The page is nearly done, so I thought I'd write a little about the symbolism that evolved as I worked on this piece. The page is titled, "Fire/Self-Portrait." As you face the piece, the section on the left is the Fire half. First are the descending red flames of destruction, followed by the green fire of creation. There are five pearls on the red side and seven on the green - I will be 57 tomorrow. There's more to this. 5 plus 7 equals 12, representing the 12 principles of Buddhism, a discipline which has interested me since my two years in Japan. On the Self-Portrait half I'll begin at the bottom. These rich wine colors and varied textures stand for the first 20-something years of my life, born and growing up in California. My two children were born there and are represented by the two amber cabochons inside the lemniscate, or symbol of eternity - as our children are indeed our immortality. The next two layers stand for my time in South Dakota and then Nebraska. The bubbly green layer is my time in Japan. The layer surrounding my head is where I am now, here in New Mexico - here in the desert, where I found my own enlightenment. The next layer is the future, full of the fires of inspiration and the warmth of a life well lived. The many-layered stone I chose to represent myself is full of flaws and imperfections that still somehow result in a thing to marvel at, a study in contrast and harmony, dark thoughts and light.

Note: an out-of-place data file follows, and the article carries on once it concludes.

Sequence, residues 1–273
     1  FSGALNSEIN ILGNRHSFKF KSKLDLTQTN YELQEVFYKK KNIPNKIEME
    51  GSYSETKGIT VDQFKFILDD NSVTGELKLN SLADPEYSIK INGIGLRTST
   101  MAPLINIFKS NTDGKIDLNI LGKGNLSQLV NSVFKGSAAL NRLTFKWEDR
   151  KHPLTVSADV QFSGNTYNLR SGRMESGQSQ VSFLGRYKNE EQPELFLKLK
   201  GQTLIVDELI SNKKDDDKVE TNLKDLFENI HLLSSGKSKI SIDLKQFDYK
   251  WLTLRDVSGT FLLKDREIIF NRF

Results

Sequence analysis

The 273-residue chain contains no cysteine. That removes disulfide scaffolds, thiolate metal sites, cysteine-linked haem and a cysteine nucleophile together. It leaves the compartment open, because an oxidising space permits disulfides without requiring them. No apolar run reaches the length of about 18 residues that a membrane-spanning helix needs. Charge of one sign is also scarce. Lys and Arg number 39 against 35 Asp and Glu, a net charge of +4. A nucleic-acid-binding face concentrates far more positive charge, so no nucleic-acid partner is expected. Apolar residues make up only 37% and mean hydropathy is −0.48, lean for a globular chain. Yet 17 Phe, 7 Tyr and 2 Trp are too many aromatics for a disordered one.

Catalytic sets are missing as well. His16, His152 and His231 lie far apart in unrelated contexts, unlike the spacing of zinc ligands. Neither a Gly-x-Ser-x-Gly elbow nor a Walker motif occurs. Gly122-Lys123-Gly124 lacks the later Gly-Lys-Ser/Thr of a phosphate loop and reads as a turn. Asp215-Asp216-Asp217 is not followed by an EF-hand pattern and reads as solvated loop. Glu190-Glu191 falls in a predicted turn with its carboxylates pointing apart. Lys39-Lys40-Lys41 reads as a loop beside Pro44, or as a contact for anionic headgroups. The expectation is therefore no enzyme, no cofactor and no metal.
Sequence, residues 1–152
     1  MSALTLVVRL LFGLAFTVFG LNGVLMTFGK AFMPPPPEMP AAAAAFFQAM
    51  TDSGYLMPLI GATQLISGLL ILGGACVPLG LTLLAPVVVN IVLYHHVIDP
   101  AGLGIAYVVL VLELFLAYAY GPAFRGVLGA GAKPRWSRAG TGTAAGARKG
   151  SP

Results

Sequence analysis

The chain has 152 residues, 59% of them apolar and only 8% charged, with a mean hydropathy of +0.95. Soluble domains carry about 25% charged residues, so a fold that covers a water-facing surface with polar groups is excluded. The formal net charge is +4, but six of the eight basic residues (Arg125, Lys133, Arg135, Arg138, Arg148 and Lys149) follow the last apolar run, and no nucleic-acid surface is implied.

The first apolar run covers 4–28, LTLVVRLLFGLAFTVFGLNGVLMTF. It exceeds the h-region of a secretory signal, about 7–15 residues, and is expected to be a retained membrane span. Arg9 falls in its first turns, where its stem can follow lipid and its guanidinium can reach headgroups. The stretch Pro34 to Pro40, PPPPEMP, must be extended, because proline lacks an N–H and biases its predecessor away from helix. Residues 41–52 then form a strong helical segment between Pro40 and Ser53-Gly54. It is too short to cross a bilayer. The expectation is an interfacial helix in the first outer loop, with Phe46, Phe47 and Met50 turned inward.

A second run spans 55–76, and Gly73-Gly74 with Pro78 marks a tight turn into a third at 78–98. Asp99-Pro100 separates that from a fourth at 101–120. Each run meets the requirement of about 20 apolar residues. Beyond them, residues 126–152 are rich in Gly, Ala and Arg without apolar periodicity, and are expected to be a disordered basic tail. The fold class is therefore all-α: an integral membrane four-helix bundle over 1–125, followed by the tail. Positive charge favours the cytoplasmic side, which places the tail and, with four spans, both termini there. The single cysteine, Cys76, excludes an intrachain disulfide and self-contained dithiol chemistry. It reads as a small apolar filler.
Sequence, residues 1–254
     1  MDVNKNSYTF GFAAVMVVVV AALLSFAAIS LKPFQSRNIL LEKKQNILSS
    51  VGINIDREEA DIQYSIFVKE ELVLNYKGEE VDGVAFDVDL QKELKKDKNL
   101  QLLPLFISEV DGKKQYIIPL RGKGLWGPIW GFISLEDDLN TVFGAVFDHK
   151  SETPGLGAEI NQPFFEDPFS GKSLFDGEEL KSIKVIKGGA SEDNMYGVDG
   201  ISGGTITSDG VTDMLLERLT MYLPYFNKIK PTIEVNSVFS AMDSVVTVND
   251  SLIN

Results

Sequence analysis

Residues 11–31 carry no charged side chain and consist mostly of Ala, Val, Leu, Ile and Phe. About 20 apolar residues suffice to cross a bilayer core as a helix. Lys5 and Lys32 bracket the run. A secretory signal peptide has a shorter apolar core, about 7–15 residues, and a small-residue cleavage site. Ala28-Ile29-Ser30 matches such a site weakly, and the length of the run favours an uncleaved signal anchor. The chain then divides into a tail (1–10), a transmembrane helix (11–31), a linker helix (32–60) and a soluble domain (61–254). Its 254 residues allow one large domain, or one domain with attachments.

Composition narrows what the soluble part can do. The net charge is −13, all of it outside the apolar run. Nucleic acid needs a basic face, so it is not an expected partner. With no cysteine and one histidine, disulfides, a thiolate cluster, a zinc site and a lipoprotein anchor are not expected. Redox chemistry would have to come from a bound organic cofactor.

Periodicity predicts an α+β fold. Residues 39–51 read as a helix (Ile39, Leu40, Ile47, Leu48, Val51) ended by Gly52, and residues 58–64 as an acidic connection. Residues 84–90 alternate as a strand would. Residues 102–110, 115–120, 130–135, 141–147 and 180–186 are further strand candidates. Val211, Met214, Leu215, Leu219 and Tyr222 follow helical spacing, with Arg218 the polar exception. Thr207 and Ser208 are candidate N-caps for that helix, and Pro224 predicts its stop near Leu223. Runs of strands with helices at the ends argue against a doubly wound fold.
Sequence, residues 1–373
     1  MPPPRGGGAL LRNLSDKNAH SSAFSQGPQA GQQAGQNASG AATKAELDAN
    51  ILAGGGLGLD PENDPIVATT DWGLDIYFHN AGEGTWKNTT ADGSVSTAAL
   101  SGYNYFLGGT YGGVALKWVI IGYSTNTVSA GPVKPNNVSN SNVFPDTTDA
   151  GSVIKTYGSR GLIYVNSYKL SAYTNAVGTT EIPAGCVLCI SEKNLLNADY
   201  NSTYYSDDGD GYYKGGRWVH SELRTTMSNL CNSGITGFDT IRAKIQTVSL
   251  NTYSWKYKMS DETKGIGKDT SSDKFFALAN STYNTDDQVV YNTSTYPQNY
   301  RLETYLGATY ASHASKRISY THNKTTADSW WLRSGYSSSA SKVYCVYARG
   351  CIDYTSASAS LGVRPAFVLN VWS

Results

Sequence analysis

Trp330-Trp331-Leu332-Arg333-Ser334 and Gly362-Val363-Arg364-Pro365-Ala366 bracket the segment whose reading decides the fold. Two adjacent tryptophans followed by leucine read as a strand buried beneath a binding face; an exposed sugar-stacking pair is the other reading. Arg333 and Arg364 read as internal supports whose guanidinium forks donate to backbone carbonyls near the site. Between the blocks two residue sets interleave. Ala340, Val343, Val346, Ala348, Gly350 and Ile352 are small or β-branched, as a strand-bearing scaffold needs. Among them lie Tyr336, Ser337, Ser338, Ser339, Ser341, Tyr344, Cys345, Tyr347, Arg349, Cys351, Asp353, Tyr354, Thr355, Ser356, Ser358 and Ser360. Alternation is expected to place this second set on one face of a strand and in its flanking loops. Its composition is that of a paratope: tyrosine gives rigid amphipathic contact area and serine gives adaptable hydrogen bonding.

Some technical notes:
I secure the cabochons to the interfacing with Gem Tack. I love this stuff. I use it to bond the finished beadwork to the leather backing as well.
A word of warning about using Sharpies; the red comes off the fabric and onto your fingers if they're even the tiniest bit damp. When I finish doing the beadwork, I soak the piece in cold water and a bit of Woolite, just to get my grubbiness and pencil marks away. This time, the water turned a bit pink, but after the final rinse the color had stopped bleeding. It was only the red that did this, and from what I could tell the color fade was minimal.
Time for some responses -
@ beadbabe re:Melusine; I honestly don't remember how my mythic doll series came about - it was so very long ago. I remember I had just finished reading Guy Gavriel Kay's fantasy novel, Sailing to Sarantium, in which one of the main characters is a mosaic artist. This led me to a book on Byzantine art and marveling at the wonderful mosaics of the early Roman empire. From that I adapted my beaded faces.
@ Angela; I think the underpainting worked out well. It gave me a more grounded sense of the piece and helped me break away from some very stodgy color choices I had originally made. I think it helped almost 'backlight' the flames.
@ everyone! Thank you so much for taking the time to share this great project with me. Every stage is a learning, an expanding, a revelation and a wonder.
Now while my fingers heal up and before I start my next project (tentatively titled 'My Little Painted Pony: The Monet Edition', I've got some Harry Potter to read and a poem to write.